So Ahmose oppressed the Jews. During this time, God raised up Moses to deliver Israel. Since Moses’ rise to power involved a number of years, I suspect the Pharaoh of the Exodus was not Ahmose, but rather his son Amenhotep I. It is entirely possible Ahmose was still alive but very elderly and that Amenhotep I was basically the man in charge and the one who Moses dealt with.
The archaeological record says that Amenhotep I died childless, his son having died as an infant. Exodus 12:29 records that the Pharaoh’s firstborn was killed.
This Stela has been known for decades. The connection to the Biblical plagues was obvious, but secularists disregarded it as being little more than a metaphor of a massive flooding that took place in Egypt. Christians ignored it because it did not fit the traditional who the Exodus Pharaoh was — namely Ramses who lived about 300 years later.
In their report, the two professors believe the stela accurately portrays events that took place in Egypt — it was not a metaphor. Removing God from the equation, they attribute the darkness to a massive volcanic eruption that took place on the Mediterranean island of Thera. However, though they presented evidence the two events — Ahmose’ reign and the volcanic eruption — happened at the same time, most believe they are separated by hundreds of years.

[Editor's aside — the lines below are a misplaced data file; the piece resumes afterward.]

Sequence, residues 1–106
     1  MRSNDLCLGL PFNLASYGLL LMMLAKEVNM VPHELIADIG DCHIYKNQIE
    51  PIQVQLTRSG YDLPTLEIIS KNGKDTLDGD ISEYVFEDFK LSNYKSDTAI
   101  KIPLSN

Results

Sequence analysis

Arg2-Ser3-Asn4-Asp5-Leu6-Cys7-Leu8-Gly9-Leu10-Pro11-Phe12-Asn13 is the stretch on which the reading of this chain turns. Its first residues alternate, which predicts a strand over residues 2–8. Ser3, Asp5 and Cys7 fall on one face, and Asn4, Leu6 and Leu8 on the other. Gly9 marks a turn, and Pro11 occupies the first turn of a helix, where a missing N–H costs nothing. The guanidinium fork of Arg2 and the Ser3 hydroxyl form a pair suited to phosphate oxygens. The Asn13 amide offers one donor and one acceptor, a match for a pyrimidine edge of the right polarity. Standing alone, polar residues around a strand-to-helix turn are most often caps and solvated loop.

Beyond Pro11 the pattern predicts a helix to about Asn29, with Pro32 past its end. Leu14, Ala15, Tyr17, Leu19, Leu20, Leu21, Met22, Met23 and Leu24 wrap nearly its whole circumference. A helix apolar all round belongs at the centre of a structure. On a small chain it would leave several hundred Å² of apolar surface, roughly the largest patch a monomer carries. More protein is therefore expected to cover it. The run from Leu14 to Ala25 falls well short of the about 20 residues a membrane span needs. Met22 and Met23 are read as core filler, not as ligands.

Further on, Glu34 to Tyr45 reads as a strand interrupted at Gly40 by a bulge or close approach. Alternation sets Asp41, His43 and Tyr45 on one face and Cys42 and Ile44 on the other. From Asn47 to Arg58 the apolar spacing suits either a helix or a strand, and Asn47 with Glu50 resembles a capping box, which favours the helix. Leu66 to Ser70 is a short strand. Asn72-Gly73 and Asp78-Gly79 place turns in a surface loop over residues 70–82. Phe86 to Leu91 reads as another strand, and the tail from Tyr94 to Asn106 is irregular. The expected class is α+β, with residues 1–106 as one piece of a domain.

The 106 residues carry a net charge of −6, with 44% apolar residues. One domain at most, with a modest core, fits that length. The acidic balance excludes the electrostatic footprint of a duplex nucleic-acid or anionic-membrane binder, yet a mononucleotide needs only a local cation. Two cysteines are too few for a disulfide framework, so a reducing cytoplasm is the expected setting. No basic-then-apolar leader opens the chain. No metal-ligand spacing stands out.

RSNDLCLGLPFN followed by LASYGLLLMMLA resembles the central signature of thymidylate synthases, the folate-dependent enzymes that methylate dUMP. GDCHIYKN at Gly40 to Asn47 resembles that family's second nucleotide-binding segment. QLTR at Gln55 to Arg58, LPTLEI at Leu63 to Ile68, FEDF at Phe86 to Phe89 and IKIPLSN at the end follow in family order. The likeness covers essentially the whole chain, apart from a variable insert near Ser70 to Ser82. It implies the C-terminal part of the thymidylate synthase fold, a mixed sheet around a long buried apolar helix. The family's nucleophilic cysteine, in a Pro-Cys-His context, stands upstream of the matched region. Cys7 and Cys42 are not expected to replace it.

Read more in this series:
- The Mystery of the Egyptian Guard
- Does an ancient papyrus speak of the Exodus from an Egyptian perspective?
- Yet another confirmation of the Jews exodus out of Egypt?
- Another confirmation of Exodus: Has a statue of Joseph been found?
- Was a Pharaoh’s violent death curiously connected to to Joseph?
- Proof for the Biblical Exodus: Breaking Israel News
- The Ahmose ‘Tempest Stela’, Thera and Comparative Chronology: The University of Chicago Press